Friday, August 26, 2011 – It took only one of the three arguments
raised by the Owner-Operator Independent Drivers Association (OOIDA)
for the U.S. Court of Appeals for the Seventh Circuit to vacate the
electronic on-board recorder regulation.
The opinion filed Friday by the court vacated the rule and sent it
back to the agency for further proceedings consistent with the
“It’s a fantastic decision,” OOIDA President Jim Johnston said. “The
decision dealt with the issue of harassment of drivers, but the
court left room to come back and challenge other aspects if the
agency gets overly enthusiastic about how they want to monitor
The regulation under fire was the 2010 final regulation mandating
the use of electronic on-board recorders for companies with a safety
history that reflects a 10 percent or greater level of
non-compliance with the hours-of-service regulations in one
OOIDA filed suit against the agency contending that the rule was
arbitrary and capricious because it does not “ensure that the
devices are not used to harass vehicle operators,” as required by
law. The Association’s lawsuit also contended that the cost-benefit
analysis failed to demonstrate the benefits of the technology and
that the EOBRs violate the Fourth Amendment.
The opinion from the Seventh Circuit, prepared by Circuit Judge
Diane Wood, stated that the court needs to “address only the first
issue” of driver harassment.
The opinion states that if an agency “fails to consider a factor
mandated by its organic statues, this omission is alone ‘sufficient
to establish an arbitrary-and-capricious decision requiring vacatur
of the rule.’”
FMCSA was directed by Congress back in the late 1980s to “ensure
that the devices are not used to harass vehicle operators.”
“There is no question that section 31137(a) is mandatory,” Judge
Wood wrote in the opinion.
She wrote that FMCSA’s first argument that it did consider driver
harassment can be set aside immediately.
Judge Wood wrote: “The FMCSA suggests that a single conclusory
sentence in the final rulemaking to the effect that the Agency ‘has
taken the statutory requirement into account throughout the final
rule’ is enough by itself to satisfy section 31137(a). It is not.”
Judge Wood equally dismissed the agency’s second argument contending
that driver harassment was considered during the rulemaking process.
“The Agency’s back-up argument fares no better than its first one,”
she wrote. “For the first time in its consideration of EOBRs, the
Agency’s brief before this court introduces the argument that its
consideration of privacy and the Privacy Impact Assessment it
produced also addresses the statutory factor of harassment.
“This argument is too little, too late.”
The ruling vacates the regulation and sends it back to the agency
for further proceedings consistent with the opinion.
Of note, the final rule struck down in the opinion is not the only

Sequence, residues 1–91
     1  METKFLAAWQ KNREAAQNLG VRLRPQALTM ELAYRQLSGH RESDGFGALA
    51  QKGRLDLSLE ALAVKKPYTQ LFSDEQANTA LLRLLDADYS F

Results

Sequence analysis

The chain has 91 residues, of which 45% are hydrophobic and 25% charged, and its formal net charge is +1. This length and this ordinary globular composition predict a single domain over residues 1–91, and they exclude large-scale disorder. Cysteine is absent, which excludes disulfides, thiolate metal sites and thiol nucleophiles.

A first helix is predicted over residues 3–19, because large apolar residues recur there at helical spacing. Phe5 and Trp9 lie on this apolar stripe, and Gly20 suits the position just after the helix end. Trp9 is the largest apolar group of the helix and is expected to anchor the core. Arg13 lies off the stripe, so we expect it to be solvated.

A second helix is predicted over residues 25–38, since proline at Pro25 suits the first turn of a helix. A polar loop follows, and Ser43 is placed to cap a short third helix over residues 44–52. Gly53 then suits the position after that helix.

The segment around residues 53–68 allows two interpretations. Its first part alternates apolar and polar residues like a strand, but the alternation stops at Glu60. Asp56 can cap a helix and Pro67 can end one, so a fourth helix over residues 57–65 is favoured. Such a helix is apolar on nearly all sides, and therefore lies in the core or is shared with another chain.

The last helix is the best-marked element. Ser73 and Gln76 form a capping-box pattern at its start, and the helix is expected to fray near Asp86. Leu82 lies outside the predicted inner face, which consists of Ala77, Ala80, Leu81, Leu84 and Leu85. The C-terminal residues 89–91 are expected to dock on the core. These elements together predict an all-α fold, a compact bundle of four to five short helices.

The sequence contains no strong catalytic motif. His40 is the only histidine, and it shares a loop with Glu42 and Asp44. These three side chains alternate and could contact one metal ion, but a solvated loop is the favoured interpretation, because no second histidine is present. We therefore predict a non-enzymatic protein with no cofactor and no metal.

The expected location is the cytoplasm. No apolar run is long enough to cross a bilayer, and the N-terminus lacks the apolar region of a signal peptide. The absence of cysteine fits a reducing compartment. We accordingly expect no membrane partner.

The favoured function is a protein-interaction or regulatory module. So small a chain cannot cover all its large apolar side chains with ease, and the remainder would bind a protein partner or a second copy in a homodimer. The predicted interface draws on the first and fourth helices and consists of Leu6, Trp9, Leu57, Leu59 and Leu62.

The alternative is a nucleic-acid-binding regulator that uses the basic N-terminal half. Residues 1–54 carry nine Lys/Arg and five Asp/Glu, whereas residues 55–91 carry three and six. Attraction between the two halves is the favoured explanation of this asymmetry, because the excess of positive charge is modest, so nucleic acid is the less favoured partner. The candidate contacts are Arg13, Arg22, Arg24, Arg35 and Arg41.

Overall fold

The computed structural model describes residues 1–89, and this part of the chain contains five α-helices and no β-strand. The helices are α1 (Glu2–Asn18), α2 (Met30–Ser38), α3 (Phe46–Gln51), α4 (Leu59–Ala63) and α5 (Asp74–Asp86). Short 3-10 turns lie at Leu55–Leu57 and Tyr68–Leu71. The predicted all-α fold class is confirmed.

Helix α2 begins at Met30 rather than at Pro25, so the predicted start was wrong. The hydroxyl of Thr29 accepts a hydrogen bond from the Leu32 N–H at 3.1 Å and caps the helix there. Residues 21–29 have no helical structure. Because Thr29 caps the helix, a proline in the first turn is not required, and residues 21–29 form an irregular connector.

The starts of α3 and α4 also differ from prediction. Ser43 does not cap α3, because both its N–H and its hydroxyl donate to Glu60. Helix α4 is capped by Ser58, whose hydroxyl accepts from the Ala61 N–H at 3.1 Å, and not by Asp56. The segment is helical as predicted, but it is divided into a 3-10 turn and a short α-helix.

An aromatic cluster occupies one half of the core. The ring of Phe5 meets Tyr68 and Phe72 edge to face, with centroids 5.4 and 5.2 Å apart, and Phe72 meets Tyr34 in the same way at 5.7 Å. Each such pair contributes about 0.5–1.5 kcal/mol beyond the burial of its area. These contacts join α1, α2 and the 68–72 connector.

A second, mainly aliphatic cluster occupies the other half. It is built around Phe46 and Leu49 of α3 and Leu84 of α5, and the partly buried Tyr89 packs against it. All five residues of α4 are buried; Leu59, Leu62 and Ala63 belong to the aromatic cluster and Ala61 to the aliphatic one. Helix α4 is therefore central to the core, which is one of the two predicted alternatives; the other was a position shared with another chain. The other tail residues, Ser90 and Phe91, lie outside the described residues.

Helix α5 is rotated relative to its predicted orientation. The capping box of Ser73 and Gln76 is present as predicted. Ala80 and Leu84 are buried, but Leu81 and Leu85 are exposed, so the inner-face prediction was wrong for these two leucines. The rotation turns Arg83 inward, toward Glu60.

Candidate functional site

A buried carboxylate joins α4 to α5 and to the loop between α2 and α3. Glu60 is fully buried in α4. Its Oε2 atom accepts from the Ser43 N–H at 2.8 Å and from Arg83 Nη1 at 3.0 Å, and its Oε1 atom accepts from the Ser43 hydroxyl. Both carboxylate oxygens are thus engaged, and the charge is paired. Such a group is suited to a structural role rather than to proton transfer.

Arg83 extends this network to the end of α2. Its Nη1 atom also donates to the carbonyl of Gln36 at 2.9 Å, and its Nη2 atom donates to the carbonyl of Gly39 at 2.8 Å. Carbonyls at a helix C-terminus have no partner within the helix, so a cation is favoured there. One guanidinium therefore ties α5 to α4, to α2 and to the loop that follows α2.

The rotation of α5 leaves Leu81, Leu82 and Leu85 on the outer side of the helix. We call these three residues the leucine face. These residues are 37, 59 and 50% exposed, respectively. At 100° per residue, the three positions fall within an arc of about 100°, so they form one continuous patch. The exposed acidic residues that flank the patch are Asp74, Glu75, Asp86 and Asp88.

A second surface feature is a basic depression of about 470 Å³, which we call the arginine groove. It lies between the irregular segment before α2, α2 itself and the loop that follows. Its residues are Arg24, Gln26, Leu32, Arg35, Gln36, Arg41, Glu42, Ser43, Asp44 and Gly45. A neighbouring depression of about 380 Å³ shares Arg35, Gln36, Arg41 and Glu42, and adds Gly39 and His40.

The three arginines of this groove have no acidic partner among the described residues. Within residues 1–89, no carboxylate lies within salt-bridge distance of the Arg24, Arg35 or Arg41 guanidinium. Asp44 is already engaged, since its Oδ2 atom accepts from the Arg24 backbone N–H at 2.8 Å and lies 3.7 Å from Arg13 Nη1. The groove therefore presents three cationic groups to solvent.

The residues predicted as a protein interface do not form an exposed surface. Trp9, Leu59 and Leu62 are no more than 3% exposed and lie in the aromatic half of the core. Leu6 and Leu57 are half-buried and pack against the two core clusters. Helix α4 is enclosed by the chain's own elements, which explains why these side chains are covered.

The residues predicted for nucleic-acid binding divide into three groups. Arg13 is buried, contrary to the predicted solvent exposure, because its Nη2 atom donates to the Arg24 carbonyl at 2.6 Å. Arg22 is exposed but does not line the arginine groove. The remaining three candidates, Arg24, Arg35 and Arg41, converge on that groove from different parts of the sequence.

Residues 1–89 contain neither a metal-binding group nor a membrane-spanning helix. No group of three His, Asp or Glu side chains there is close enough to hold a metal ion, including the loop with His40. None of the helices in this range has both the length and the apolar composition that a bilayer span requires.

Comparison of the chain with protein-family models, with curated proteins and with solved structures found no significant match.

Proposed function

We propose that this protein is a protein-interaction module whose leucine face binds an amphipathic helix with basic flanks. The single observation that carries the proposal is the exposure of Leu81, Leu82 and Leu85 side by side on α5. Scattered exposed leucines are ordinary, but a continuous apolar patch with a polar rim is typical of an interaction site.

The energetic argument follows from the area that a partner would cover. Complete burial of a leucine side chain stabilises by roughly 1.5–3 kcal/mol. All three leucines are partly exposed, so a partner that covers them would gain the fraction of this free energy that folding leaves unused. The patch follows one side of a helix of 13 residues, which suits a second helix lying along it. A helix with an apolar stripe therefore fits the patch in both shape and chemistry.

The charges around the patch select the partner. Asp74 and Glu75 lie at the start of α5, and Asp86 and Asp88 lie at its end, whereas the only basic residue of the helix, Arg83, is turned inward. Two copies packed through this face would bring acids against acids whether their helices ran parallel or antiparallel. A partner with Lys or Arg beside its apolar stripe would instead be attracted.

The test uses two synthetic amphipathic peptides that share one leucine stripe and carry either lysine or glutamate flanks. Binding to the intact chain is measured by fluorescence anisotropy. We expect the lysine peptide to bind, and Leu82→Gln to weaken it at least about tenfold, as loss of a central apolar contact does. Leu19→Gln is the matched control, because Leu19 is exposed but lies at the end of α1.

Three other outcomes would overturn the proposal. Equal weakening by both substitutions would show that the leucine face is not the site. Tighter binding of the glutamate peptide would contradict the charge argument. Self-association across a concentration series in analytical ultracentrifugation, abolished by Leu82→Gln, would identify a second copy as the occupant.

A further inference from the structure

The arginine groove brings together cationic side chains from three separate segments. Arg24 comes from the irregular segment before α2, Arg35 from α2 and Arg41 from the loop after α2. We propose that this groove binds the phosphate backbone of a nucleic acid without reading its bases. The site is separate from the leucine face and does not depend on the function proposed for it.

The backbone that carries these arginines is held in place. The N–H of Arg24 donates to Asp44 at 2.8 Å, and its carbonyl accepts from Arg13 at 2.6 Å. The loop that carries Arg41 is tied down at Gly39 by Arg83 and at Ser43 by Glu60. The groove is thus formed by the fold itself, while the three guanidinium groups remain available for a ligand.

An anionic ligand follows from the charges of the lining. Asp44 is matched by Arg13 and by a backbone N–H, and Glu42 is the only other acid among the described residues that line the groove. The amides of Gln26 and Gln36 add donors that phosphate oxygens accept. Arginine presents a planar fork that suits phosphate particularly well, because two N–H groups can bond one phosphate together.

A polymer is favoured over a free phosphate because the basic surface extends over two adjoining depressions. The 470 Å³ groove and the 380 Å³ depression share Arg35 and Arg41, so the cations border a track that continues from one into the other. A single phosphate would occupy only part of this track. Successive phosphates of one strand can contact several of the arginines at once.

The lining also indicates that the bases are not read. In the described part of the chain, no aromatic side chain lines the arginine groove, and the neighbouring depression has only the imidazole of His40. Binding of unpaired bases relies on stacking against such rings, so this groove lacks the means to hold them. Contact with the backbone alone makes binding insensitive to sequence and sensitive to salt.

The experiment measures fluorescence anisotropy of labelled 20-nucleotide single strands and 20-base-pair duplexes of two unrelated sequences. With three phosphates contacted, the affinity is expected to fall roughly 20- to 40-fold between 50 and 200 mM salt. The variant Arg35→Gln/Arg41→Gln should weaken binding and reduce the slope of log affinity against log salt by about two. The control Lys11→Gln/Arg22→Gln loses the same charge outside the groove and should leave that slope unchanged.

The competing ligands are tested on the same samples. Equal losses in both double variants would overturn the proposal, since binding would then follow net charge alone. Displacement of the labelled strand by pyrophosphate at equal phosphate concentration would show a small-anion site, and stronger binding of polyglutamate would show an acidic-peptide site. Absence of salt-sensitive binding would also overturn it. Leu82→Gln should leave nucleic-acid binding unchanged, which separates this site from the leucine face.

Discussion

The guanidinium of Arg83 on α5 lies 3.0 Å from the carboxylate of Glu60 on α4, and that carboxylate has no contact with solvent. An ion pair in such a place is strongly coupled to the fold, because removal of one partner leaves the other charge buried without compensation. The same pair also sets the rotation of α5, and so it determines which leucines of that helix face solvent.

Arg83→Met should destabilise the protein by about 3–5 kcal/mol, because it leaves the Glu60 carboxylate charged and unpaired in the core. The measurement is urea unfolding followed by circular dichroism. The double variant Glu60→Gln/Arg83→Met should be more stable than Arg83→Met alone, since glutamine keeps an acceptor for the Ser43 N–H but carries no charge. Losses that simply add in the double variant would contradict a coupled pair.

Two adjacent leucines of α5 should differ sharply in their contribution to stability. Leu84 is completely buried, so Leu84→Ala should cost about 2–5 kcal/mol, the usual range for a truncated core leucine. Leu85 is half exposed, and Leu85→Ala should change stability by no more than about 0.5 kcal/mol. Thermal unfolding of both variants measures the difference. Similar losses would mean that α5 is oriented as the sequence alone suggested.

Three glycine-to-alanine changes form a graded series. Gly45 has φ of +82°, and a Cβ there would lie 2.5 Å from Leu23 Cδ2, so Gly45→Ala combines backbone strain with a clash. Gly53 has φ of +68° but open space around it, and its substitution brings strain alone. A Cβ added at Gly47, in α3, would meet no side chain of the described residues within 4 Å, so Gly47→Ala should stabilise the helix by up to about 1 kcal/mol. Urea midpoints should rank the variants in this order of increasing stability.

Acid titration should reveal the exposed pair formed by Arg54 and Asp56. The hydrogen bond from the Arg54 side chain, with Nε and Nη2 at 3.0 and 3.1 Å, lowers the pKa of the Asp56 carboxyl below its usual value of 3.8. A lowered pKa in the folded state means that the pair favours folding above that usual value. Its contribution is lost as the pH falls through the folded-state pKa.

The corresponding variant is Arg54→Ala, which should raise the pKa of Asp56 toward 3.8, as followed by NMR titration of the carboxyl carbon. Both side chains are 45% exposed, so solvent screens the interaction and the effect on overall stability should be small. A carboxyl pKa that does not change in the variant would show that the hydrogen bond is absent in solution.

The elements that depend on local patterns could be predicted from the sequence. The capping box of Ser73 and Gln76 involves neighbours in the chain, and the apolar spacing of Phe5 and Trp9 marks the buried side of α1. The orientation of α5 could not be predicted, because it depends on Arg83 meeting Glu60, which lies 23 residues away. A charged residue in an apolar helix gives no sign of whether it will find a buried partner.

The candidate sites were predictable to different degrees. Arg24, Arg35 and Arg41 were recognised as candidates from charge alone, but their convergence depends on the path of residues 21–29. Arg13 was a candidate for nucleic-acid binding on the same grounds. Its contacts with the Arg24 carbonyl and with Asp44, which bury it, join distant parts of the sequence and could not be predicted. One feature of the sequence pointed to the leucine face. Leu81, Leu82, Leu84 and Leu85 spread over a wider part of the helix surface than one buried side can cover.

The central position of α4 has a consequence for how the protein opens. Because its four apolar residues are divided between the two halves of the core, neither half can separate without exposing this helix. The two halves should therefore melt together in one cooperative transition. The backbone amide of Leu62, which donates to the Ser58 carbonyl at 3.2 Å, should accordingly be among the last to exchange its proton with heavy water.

electronic on-board recorder mandate pending from FMCSA. The agency
already has a second rulemaking in progress that would mandate EOBRs
in all trucks.
While there are many options before the agency at this point,
including a possible appeal of the Seventh Circuit’s decision, the
agency could retool the regulation or even simply move forward with
a full mandate while attempting to address driver harassment in such
a way that it relieves the court’s concerns raised in the opinion.
In the opinion, Judge Wood also outlined a couple ways the agency
should and/or could address driver harassment.
In one instance, she wrote that the agency needed to clearly define
a distinction between productivity and harassment and “must also
describe what precisely it is that will prevent harassment from
The court also suggested that a comprehensive study
of motor carriers both using and not using EOBRs could prove
“The Agency needs to consider what types of harassment already
exist, how frequently and to what extent harassment happens, and how
an electronic device capable of contemporaneous transmission of
information to a motor carrier will guard against (or fail to guard
against) harassment,” Judge Wood wrote.
“A study of these problems with EOBRs already in use, and a
comparison with carriers that do not use these devices, might be one
obvious way to measure any effect that requiring EOBRs might have on
“Of course, we considered this absolutely
unnecessary invasion of driver’s privacy rights that would
accomplish nothing in the way of commercial vehicle safety,”
Johnston said of the regulation.
“The court’s decision may very well slow the initiative of heavy
vehicle monitoring and give drivers some reprieve from what we
consider to be an intrusion of privacy.”
Land Line Now News Anchor, Reed Black, contributed to this
Source: Land Line Magazine, The Official Publication of the
Owner-Operator Independent Drivers Association